Mayors Urge Crackdown on Illegal Guns
By SEWELL CHAN and ANDREW JACOBS
Published: January 23, 2007
WASHINGTON, Jan. 23 — Mayors from some of the nation’s largest cities gathered here today to urge Congress to crack down on the sale of illegal firearms. But their expanding coalition, led by Mayors Michael R. Bloomberg of New York and Thomas M. Menino of Boston, has begun to encounter resistance among some advocates for gun owners.
The coalition of mayors announced the creation of a bipartisan task force of four House members that will try to introduce legislation in the new Congress cracking down on illegal guns. The mayors also unveiled new poll results showing that most Americans support stricter gun laws.
The daylong meeting of the coalition, Mayors Against Illegal Guns, was the biggest event so far in an effort that began last April with a meeting of about 15 mayors at Gracie Mansion in Manhattan. More than 120 mayors have since joined the coalition; about 40 attended the meeting today, including the mayors of Los Angeles, Chicago, Philadelphia, Seattle, Washington, Minneapolis, Hartford and Newark.
Mr. Menino said he hoped the gathering, at the Cannon House Office Building, would send a message. “Illegal guns are a national problem that demands a national response,” he said, adding, “We are only as strong as each of our members.”
But there were signs of emerging opposition to the mayors’ effort. The New York Sun reported last week that Jared Fuhriman, the mayor of Idaho Falls, Idaho, was the first and so far only mayor to drop out of the coalition, saying he thought the coalition was going too far. The coalition now includes mayors from 44 states and the District of Columbia. (Arizona, Idaho, Kansas, New Hampshire, West Virginia and Wyoming are not represented.)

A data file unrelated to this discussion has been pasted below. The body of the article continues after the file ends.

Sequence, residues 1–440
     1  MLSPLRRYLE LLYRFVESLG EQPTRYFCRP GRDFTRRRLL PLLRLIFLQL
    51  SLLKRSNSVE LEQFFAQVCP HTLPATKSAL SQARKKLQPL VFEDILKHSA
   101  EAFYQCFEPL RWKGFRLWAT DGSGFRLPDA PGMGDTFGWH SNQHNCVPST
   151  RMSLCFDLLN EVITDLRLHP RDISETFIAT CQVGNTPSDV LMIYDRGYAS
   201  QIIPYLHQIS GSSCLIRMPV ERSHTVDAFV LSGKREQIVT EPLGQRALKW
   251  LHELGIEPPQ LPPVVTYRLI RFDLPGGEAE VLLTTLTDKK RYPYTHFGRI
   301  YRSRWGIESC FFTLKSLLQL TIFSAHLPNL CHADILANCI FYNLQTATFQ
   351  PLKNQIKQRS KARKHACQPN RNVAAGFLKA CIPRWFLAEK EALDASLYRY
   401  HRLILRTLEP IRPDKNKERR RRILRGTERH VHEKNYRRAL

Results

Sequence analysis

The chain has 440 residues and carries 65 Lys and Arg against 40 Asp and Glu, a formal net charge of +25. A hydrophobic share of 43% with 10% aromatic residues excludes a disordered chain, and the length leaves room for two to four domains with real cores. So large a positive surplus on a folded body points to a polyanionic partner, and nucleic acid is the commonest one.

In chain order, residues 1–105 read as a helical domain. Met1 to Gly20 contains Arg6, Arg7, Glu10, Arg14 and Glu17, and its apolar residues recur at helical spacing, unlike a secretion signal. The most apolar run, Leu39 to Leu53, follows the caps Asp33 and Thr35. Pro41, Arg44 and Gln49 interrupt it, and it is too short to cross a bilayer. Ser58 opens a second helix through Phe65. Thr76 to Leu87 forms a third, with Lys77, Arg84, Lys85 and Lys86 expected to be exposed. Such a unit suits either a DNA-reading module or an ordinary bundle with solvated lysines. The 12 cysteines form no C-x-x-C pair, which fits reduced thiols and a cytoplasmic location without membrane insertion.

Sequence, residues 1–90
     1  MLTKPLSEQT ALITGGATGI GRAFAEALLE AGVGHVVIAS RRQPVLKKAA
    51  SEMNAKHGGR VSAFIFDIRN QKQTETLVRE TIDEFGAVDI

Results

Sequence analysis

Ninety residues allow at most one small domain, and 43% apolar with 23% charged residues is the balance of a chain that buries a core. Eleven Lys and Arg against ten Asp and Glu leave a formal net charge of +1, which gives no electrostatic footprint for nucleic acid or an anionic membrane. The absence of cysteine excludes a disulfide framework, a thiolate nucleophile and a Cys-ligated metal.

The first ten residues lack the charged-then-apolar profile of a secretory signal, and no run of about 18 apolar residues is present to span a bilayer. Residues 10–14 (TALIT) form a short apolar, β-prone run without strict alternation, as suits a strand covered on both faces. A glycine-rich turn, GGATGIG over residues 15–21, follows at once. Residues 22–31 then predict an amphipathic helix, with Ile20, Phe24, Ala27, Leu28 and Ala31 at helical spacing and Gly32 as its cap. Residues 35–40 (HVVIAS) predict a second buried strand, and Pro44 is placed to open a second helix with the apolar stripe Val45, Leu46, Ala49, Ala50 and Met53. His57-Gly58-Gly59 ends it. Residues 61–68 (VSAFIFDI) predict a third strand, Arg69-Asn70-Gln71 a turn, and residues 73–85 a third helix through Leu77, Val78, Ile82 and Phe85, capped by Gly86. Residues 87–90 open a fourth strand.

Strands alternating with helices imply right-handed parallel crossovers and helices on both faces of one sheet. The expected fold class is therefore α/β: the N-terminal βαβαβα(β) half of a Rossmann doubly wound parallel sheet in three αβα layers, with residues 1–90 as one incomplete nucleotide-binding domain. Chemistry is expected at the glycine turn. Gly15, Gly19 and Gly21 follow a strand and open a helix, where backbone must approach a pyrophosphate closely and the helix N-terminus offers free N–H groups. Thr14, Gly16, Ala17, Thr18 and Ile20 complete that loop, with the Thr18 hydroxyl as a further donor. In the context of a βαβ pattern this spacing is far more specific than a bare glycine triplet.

Several pro-gun groups criticized the coalition’s efforts. In a news release, they called Mr. Bloomberg “the Manhattan gun grabber” and questioned the propriety of his use of undercover sting operations and civil litigation to crack down on gun dealers. The National Rifle Association has been sharply critical of Mayor Bloomberg.
Members of the Mayors Against Illegal Guns insisted that they respected the Second Amendment right to bear arms. Mr. Bloomberg said he was not trying to curb existing gun rights. “That’s ideological nonsense and we’ve just got to move past it,” he said. “Respecting the rights of gun owners while cracking down on illegal guns are completely compatible goals and we are committed to both.”
The creation of the task force might signal that the issue of illegal guns is gaining traction in Congress — though with the war in Iraq, climate change and other looming issues, it might be difficult for guns to become a priority.
The two Democrats on the task force are Representatives Charles B. Rangel of New York, the new chairman of the Ways and Means Committee, and John Conyers Jr. of Michigan, the new chairman of the Judiciary Committee. The Republicans on the task force are Representatives Peter T. King of New York, the ranking Republican on the Homeland Security Committee, and Mark S. Kirk of Illinois[/i][/b].
The task force will focus on eliminating the Tiahrt amendment, a controversial provision that has blocked cities from gaining access to, and using, gun-trace data collected by the Bureau of Alcohol, Tobacco, Firearms and Explosives. The task force says it will also “work to enact common sense measures” to stem the flow of illegal guns, officials said.
The new survey announced by the mayors involved 803 adults from Jan. 10 to 15 by Greenberg Quinlan Rosner Research, a Democratic polling firm, and the Tarrance Group, a Republican firm. The survey found that 56 percent of respondents said they favored stricter gun laws. The margin of error was about 3.5 percent, plus or minus.